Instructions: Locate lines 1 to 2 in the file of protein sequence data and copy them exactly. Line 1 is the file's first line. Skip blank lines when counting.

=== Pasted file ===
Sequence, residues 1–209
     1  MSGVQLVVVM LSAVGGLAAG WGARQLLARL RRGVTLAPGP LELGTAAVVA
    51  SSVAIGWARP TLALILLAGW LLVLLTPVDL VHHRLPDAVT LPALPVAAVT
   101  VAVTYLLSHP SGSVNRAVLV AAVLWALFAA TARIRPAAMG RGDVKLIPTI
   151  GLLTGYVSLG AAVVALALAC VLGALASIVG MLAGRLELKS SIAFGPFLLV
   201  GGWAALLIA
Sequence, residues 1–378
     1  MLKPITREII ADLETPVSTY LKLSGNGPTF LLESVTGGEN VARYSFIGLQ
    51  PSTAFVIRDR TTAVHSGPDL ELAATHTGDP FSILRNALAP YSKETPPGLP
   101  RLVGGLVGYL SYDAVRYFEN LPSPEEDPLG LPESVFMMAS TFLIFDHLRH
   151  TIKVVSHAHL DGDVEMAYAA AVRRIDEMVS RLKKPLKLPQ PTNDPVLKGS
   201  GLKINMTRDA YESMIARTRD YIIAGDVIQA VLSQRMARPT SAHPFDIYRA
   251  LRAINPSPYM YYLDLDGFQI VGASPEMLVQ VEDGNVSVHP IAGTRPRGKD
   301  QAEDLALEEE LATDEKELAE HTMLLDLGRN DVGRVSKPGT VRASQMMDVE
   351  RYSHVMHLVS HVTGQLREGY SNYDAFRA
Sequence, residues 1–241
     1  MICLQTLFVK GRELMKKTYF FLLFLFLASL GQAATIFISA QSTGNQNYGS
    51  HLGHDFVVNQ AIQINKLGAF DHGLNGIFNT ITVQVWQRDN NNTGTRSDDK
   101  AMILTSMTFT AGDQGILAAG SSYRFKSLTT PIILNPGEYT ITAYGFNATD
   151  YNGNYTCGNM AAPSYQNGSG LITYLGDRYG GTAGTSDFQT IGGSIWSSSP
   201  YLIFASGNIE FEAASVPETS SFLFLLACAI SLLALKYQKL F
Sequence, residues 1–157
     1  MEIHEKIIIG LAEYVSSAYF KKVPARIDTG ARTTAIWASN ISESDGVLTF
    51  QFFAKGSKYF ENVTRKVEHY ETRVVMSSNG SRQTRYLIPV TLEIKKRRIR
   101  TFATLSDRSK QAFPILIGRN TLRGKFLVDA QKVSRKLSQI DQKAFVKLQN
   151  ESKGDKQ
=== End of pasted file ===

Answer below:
Sequence, residues 1–209
     1  MSGVQLVVVM LSAVGGLAAG WGARQLLARL RRGVTLAPGP LELGTAAVVA